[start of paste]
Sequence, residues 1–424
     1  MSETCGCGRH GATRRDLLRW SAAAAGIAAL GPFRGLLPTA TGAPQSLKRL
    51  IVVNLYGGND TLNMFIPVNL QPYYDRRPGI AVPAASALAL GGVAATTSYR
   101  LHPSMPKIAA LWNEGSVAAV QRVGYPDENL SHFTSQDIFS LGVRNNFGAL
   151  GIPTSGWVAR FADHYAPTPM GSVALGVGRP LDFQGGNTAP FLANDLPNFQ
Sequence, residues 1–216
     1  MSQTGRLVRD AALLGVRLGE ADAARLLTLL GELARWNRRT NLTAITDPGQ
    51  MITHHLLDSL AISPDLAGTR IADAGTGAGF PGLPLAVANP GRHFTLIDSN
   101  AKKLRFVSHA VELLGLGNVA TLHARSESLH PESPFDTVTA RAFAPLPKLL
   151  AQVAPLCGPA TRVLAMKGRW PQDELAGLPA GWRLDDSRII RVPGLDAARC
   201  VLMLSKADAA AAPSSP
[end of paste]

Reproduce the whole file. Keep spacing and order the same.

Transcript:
Sequence, residues 1–424
     1  MSETCGCGRH GATRRDLLRW SAAAAGIAAL GPFRGLLPTA TGAPQSLKRL
    51  IVVNLYGGND TLNMFIPVNL QPYYDRRPGI AVPAASALAL GGVAATTSYR
   101  LHPSMPKIAA LWNEGSVAAV QRVGYPDENL SHFTSQDIFS LGVRNNFGAL
   151  GIPTSGWVAR FADHYAPTPM GSVALGVGRP LDFQGGNTAP FLANDLPNFQ
Sequence, residues 1–216
     1  MSQTGRLVRD AALLGVRLGE ADAARLLTLL GELARWNRRT NLTAITDPGQ
    51  MITHHLLDSL AISPDLAGTR IADAGTGAGF PGLPLAVANP GRHFTLIDSN
   101  AKKLRFVSHA VELLGLGNVA TLHARSESLH PESPFDTVTA RAFAPLPKLL
   151  AQVAPLCGPA TRVLAMKGRW PQDELAGLPA GWRLDDSRII RVPGLDAARC
   201  VLMLSKADAA AAPSSP